Wednesday, October 21, 2009

Ranked Choice Voting in Santa Fe

On Monday, Santa Fe city clerk Yolanda Vigil conducted a demonstration of whether it would be possible to conduct a Ranked Choice Voting runoff using existing voting machines and software. Ranked Choice was adopted by city voters in March 2008, with the condition that it could be done using machines, at a reasonable cost. Voting machines used in New Mexico are not capable of taking a ballot image, which would make runoff tabulation simple. Machines that are capable of doing so are not certified for use here, so, tallying a runoff will require a good deal of hand sorting of ballots and then feeding some ballots through the machines a second or third time.

The reason for the demonstration was to determine whether this method of vote tallying would be consistent with the charter and other laws, and whether it would be possible to conduct the runoff in a timely and efficient manner. The city is expected to have a decision by November 10, the date that the March municipal election is officially 'proclaimed'.

Thanks also go out to Automated Election Services for providing the ballots and memory cartridges and to Santa Fe county for providing machines and staff for the demonstration. After some preliminary discussions about voter education, how the runoff fits in with other election duties like the canvass, and how to deal with other issues such as overvotes and undervotes, the demonstration began.

Fifty ballots were marked for the demonstration, including three separate races with four candidates each. The ballots were then fed into the voting machine (ES&S model M100). This part of the process represents Election Day. “Election Day” results showed that a runoff would be required for the Mayor's race between Elvis Presslee(17), John Knee Cash (16), Alher Acain (10), and Sue B Honey (6), since none of those candidates received a majority. The next step was to remove the ballots from the ballot box and sort them into four piles based on first choice selections marked on the ballot (noted above in parentheses).

At this point, a new cartridge was placed in the voting machine, and ballots listing Sue B Honey were fed into the machine. The second choice votes were added to the previous totals, and still no candidate had over 50% of the vote total. Those ballots were then set aside, and the ballots listing Alher Acain as first choice were fed into the machine, adding those second choices.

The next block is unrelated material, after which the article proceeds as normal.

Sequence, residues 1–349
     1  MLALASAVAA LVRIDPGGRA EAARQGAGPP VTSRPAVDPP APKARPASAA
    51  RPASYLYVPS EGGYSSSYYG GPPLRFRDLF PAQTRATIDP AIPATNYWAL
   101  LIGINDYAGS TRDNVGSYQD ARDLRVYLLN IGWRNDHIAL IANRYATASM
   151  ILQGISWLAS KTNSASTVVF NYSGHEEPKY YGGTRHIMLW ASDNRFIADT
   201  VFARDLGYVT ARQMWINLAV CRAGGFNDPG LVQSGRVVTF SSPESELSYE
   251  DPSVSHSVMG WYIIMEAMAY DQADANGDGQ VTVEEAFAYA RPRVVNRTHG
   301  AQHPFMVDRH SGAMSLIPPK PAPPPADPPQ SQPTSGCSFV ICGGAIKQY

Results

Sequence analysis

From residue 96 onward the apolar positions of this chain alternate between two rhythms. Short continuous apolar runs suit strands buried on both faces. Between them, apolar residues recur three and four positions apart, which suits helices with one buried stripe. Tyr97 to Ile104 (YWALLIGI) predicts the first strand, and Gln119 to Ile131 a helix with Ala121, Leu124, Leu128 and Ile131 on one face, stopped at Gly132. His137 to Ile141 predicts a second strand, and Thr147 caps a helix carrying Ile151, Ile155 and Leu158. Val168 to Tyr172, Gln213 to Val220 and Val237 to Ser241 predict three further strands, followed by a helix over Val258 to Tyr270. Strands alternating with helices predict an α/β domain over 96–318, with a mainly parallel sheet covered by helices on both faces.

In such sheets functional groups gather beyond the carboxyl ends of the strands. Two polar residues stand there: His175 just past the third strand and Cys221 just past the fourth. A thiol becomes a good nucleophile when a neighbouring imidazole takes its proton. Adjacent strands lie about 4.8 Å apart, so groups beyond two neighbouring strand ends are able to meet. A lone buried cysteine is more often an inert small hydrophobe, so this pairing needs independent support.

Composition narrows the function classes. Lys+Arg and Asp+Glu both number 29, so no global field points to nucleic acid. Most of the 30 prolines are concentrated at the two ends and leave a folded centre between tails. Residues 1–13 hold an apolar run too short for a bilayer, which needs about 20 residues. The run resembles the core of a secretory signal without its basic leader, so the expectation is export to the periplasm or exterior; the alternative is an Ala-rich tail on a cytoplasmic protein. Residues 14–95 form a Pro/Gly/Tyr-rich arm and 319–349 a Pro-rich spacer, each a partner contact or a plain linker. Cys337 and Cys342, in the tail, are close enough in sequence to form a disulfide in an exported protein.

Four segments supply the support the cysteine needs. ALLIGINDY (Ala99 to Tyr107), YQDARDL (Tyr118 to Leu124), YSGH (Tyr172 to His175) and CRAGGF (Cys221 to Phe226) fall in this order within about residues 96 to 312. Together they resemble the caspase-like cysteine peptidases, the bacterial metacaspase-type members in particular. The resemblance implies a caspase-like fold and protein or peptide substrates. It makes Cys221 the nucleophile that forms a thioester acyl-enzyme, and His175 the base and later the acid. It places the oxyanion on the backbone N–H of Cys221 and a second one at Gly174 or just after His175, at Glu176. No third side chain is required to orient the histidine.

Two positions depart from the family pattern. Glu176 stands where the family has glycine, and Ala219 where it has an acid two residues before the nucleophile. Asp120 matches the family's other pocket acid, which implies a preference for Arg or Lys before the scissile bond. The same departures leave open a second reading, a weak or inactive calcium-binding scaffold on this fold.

In addition, any ballots listing Alher Acain and Sue B Honey as the first two choices were tallied counting the third choice votes on those ballots, by inserting a new memory cartridge and feeding those ballots through the machine. Now the tally could be finalized, and Elvis Presslee won with 28 votes compared with 21 for John Knee Cash. (one ballot was spoiled because the voter made two selections for first choice).

The conclusion: it is possible to conduct a runoff using Ranked Choice Voting as adopted by the city. There are some logistical issues that need to be resolved. There is nothing to prevent the city from implementing Ranked Choice that can't be resolved through administrative rules or an ordinance.

We at Voting Matters certainly hope that Santa Fe will implement Ranked Choice Voting for the March 2010 election, which appears very likely to have more than two candidates in at least two of the five races on the ballot.

Thursday, October 15, 2009

Public Campaign Financing system approved for Santa Fe Municipal Elections

Wednesday night, the Santa Fe city council passed an ordinance creating a system of public campaign financing for municipal elections. It is based on the state's Voter Action Act and Albuquerque's system of publicly financed campaigns. Albuquerque's recent municipal election had all three mayoral candidates and a majority of council candidates using public campaign financing.

Beginning in Santa Fe's 2012 election, if candidates for city council and municipal judge successfully petition to get on the ballot and collect enough qualifying contributions to show they have a level of community support, they will receive $15,000 to run their campaigns, if they also agree not to accept any other donations. In 2014, the system will be expanded to include the mayor's race.

Santa Fe has considered public campaign financing since the adoption of its charter in 1997. Public campaign financing is one of seven amendments to our city charter passed by the voters in March 2008. It is great that the city council followed through and established a meaningful system to minimize big money contributions to political candidates while ensuring that candidates have a substantial amount of community support before receiving any public monies.